Editorial: The decline of coal
What’s it like when the coal industry leaves a place? Former West Virginian Mike Connell, now a Pennsylvania columnist, wrote a touching account of the former mining town where his father grew up — today mostly abandoned.
Leckrone, Pennsylvania, once had hundreds of miners and coke oven workers “producing the fuel for Andrew Carnegie’s steel mills,” he said. But today, Leckrone is a boarded-up relic of vacant coal company buildings and rows of former company houses. “Architecturally, they’re about as interesting as a trailer park,” he wrote.
“The mines played out. The miners moved on. Their grandchildren flourished. Their great-grandchildren — my generation — look back through a dark glass, sensing what was.”
It’s inescapable that coal seams eventually become exhausted, and the lifeblood of mining regions disappears. Connell added:
“Consider the incongruities found in West Virginia, which produces more coal than any state except Wyoming. Thank God for Mississippi, or coal-rich West Virginia would rank dead last among the 50 states in per-capita income. McDowell County ... has produced more coal than any county in the country. Blessed with mineral riches, the Saudi Arabia of North America, it is also the most impoverished of West Virginia’s 55 counties.”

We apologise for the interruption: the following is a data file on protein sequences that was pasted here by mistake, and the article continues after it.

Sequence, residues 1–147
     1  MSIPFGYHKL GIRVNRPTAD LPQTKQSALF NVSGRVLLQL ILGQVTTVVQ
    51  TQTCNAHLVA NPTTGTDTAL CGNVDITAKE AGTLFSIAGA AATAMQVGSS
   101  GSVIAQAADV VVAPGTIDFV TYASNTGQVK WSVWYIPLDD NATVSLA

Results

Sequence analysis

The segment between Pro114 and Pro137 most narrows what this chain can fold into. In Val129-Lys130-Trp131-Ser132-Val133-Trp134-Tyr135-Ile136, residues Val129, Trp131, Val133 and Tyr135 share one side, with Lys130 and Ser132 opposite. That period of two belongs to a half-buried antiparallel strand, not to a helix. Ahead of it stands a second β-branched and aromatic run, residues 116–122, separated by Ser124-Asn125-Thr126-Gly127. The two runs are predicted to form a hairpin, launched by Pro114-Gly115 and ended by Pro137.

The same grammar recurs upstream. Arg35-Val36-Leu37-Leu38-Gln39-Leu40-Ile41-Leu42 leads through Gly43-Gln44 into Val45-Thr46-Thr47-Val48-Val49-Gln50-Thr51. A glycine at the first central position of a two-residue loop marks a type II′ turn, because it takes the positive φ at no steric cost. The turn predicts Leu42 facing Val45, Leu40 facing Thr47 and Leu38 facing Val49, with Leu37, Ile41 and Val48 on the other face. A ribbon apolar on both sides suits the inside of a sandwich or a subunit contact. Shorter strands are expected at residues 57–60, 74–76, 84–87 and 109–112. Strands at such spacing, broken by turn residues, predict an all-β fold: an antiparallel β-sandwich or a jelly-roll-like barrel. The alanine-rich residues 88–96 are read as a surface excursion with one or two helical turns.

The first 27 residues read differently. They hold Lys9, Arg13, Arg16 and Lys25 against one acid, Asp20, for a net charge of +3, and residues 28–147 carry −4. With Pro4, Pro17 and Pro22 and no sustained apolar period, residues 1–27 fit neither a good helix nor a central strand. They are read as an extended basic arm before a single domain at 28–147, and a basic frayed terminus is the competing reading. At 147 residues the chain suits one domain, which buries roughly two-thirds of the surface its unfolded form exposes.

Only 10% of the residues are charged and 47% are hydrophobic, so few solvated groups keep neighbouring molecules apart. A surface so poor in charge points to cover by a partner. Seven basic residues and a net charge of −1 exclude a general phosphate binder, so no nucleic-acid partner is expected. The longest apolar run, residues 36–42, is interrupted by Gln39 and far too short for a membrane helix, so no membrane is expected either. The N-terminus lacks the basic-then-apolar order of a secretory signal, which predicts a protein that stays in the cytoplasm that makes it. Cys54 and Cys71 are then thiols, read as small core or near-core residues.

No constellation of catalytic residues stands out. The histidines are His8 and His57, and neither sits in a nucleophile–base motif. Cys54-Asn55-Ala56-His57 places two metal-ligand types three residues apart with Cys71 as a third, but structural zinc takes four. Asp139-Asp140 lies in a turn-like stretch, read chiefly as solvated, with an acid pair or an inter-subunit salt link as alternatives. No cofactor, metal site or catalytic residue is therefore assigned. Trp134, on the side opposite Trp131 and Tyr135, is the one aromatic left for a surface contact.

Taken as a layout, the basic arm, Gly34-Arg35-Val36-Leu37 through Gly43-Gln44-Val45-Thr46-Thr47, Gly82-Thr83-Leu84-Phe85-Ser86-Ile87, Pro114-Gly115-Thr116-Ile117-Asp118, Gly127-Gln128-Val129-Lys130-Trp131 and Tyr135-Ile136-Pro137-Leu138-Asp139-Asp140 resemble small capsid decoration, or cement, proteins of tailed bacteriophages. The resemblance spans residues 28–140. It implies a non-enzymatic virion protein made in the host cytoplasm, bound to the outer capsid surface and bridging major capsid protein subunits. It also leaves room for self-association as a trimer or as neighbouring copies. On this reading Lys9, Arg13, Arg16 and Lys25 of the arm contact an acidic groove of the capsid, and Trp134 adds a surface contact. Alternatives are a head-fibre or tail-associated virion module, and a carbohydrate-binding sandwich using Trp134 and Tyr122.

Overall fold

The fadeout that ended Leckrone’s heritage seems to be occurring in various parts of the Central Appalachian coal basin, consisting mostly of Southern West Virginia and Eastern Kentucky. Federal statistics say the zone had 79,000 miners in 1983, but their numbers fell to 33,000 during the recent Bush administration. Under President Obama, they have climbed back to 41,000 — yet more future decline is projected.
Thick, easy-to-mine seams are mostly exhausted. Only thin, difficult, expensive coal remains. Low-cost Wyoming coal and low-cost natural gas are grabbing energy markets. Federal analysts predict that Central Appalachian output will sink from 290 million tons in 1997 to just 86 million by 2035. Within West Virginia, they foresee a drop from 158 million tons in 2008 to 90 million in 2020.
Declines like these inflict terrible hardship on communities dependent on coal. Jobs and businesses disappear. Young people move away. Sadly, the dog-eat-dog economy can be a monster indifferent to suffering.
Most West Virginia politicians try to blame the retreat of coal on federal pollution controls. But that outlook ignores underlying realities. Instead of chanting “war on coal,” leaders should launch intelligent efforts to help the state cope with the transformation that is in progress, and focus on steering toward the best future.